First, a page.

In many past clinical studies in which hyperthermia enhanced the efficacy of radiotherapy, the tumor temperatures could be raised only to 40-42°C range in most cases. The heat-induced cell death, cellular radiosensitization, and vascular damage induced by such mild temperature hyperthermia (MTH) are likely to be insignificant despite the increased response of tumors to radiotherapy. Heating rodent tumors at 40-42°C was found to cause an enduring increase in blood flow and oxygenation in the tumors. Recent studies with canine soft tissue sarcoma and human tumor clinical studies also demonstrated that MTH improves tumor oxygenation, and enhances response of the tumors to radiotherapy or chemoradiotherapy. The increased blood flow and vascular permeability caused by MTH may also improve the delivery of various therapeutic agents such as chemotherapy drugs, immunotherapeutic agents and genetic constructs for gene therapy to tumor cells. MTH as a means to potentiate the efficacy of radiotherapy and others warrants further investigation.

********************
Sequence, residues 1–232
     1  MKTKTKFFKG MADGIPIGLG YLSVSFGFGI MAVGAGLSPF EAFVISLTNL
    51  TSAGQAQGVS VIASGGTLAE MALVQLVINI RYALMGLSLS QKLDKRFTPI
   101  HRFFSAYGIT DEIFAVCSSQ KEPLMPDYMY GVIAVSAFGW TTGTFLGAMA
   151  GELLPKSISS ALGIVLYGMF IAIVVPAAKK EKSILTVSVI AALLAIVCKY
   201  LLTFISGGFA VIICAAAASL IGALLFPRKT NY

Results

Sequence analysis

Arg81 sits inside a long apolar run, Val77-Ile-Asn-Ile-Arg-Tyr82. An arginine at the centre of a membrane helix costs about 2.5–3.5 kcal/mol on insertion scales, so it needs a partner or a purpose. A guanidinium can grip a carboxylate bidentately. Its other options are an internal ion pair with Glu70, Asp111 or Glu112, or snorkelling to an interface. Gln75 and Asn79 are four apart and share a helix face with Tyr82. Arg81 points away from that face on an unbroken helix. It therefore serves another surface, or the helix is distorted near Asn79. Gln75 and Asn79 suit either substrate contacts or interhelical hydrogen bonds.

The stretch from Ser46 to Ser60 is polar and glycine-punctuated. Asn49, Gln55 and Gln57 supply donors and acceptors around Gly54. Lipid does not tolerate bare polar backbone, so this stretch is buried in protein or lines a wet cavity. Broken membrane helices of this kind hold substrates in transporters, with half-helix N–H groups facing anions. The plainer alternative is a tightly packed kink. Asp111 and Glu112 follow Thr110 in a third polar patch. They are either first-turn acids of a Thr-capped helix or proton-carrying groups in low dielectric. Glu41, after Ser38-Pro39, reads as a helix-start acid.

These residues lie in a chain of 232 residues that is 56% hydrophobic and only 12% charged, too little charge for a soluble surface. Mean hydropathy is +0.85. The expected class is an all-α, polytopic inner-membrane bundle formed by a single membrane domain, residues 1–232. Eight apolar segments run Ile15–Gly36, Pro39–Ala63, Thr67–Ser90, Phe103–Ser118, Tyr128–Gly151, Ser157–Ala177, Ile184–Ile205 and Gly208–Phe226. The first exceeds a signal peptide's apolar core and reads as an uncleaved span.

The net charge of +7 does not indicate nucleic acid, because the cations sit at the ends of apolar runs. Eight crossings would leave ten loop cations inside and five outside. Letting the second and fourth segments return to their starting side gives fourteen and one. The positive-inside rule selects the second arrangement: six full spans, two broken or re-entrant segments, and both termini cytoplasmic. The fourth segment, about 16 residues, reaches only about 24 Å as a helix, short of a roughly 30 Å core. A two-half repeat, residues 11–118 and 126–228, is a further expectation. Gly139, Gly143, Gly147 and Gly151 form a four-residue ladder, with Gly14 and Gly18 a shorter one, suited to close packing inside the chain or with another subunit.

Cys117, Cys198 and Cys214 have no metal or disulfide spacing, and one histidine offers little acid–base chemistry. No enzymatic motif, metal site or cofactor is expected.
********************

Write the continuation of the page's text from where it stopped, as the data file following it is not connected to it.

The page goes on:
Bibliographical noteFunding Information:
The technical assistance of Mr Brent Williams is gratefully acknowledged. This work was supported by grant CA44114 from the NIH/NCI, and National R&D Program for Cancer Control, Ministry of Health & Welfare, Republic of Korea (0320300-2) and 2003 KISTEP & MOST, Korean Government through its National Nuclear Technology Program.
- Blood flow
- Mild temperature hyperthermia
- Tumor oxygenation
- Tumor pO